However Mr Mackay’s comments yesterday suggested that there is little appetite for that concept among red meat sector representatives.

Mr Mackay said the proposed change was not “change for change’s sake” and in coming months a business case will be developed analysing all key financial and non-financial issues involved in the proposed reforms.

Over the next twelve months following the completion of a PWC report the industry expects to create the third company, which will form a single integrity desk for all Australian red meat.

Levy funds for Peak Industry Council policy development

Mr Mackay also touched on the uncertainty surrounding the future role of Peak Industry Councils under the proposed reforms, and particularly whether policy development can or should be funded from levy funds in future.

“I believe in the current environment there is an appetite for this to change and for levies to fund those national bodies for good policy development and promotion for their individual issues and be levy payer centric organisations,” he said.

A clear definition of political activity would be required, which excluded use of levies to fund political campaigns, for example, but which permitted the legitimate use of levies for good policy development and advocacy.

“It is our view that Peak Industry Councils should be in part funded by levies if they are to be part of our 2030 future because of the essential nature of industry needing to lead technical policy development from within, and we believe there is an appetite from the Commonwealth both politically and within the public service to deliver this significant change.”

‘Time to get on with it’

Mr Mackay said it was not practical for the industry to wait to try to achieve across-the-board consensus.

“As an industry with our many stakeholders and many competing interests we have made it extremely easy to be political targets by both decision makers and those within the industry,” he said.

“It has been a divide and conquer approach which has made it very easy for governments to say ‘no’ because they can hide behind the ‘need for one voice and so-called consensus.’

“Politicians best of all know that one voice and ‘consensus’ is simply not practicable, we need look no further than the National party room this week as an example.”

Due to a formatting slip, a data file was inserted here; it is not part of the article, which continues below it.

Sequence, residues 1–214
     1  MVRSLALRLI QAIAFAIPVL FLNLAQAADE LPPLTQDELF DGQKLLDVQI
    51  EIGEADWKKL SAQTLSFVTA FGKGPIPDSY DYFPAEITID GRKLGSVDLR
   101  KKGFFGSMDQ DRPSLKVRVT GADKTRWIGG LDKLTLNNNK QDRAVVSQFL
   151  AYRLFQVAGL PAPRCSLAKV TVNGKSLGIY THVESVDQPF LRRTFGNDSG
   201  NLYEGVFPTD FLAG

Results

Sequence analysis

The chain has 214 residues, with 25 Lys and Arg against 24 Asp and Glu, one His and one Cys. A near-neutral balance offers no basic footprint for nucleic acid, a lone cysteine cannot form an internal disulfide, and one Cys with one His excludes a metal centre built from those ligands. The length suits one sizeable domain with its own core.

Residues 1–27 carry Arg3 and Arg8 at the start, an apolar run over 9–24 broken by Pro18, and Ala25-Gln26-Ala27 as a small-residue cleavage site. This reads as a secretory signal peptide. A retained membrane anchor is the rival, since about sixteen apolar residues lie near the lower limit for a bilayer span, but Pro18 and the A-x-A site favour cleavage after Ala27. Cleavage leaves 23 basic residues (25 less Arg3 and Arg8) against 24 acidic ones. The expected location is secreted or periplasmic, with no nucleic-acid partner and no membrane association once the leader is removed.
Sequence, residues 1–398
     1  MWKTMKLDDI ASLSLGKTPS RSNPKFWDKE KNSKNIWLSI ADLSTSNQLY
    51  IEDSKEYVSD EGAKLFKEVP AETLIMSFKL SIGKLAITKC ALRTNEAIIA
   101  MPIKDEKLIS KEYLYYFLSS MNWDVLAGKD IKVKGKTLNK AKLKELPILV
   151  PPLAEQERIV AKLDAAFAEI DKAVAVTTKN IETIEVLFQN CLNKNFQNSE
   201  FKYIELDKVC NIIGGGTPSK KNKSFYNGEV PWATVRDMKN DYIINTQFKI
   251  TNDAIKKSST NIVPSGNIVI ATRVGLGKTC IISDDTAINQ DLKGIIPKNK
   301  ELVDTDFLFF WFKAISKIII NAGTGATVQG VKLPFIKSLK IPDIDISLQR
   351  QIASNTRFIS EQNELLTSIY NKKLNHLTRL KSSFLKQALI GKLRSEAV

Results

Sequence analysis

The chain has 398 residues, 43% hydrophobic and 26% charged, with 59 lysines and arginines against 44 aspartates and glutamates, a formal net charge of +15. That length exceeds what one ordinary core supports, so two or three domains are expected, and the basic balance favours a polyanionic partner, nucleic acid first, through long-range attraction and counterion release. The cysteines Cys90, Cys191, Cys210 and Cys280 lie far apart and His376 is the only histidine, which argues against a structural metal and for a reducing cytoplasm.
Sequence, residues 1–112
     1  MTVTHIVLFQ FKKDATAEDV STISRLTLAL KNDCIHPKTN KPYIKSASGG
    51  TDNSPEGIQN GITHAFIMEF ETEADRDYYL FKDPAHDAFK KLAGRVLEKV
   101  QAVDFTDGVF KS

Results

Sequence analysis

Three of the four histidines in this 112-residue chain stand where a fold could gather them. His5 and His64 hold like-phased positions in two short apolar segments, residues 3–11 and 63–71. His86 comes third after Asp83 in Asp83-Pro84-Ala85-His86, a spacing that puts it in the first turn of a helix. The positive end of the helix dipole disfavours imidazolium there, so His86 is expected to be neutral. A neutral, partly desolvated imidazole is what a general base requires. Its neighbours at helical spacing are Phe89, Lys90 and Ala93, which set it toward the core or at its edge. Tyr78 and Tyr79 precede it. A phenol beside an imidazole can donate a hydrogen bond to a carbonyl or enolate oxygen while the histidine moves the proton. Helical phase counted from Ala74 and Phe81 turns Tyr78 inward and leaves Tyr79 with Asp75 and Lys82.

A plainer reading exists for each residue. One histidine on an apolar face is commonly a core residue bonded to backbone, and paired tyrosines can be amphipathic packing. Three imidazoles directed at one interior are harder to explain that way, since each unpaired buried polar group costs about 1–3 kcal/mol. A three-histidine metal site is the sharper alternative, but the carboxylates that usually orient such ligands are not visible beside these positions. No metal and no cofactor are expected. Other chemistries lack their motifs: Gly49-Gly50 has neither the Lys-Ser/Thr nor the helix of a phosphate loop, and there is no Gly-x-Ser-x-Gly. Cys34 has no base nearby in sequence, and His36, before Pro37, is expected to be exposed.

Mr Mackay said big changes to the industry had always been made by leaders “with genuine vision and a very thick skin”.

“We certainly don’t want to be famous for perpetuating endless attempts at agri-political restructures that does little for our red meat businesses. We want to deliver a model that can properly represent their constituents.

“I know spending the next ten years complaining about the increasing anti-meat movement, the lack of leadership in response, perpetuating the plethora of small breakaway stakeholders and good old agri-politics is simply not good enough.

“We need to get on with it. Put aside our individual biases and help raise the tide and lift all vessels.”

Littleproud return positive

Despite the potential disruptions caused by another change in agriculture minister, Mr Mackay said the fact the key portfolio was returning to David Littleproud who well understood the process from his previous time in the role was “ a positive in so many ways”.

“He was actually the person I sat down with and negotiated where this would go a couple of years ago, in fact with a then retail butcher and grazier called Susan McDonald who has since become a senator , she and I did the negotiation, so I think we deal with it, it is up to us.”

Time for next generation of leaders

Mr Mackay also announced that he will be retiring from this role as RMAC chair in October of this year, saying it is time for the next generation of leaders to step up and deliver on “the wonderful opportunities” the industry has in front of it.

“Finally I look forward to observing my vision of the millennials queuing for red meat in my local butcher shop because it is good for them, good for their children, good for the environment and as always, a wonderful eating experience.”

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Comments

  1. Mike Introvigne, February 8, 2020

    Don Mackay has made a reasonably simple exercise to restructure the red meat industry into a convoluted mess which looks to protect those that want to retain power over those that are the heart of the beef industry, the producers.
    While he and his cohorts didn’t agree with all the recommendations of the white paper I would suggest most beef producers viewed it differently. So now we may get the chance to indicate how we feel, not on the white paper findings but on Don’s proposal. Not good enough. And yes while we had some opportunities to make submissions that isn’t always an easy task or one that gets taken note of. As for Peak Councils, when they represent the majority then they can have a seat at the table because in WA that is not the case.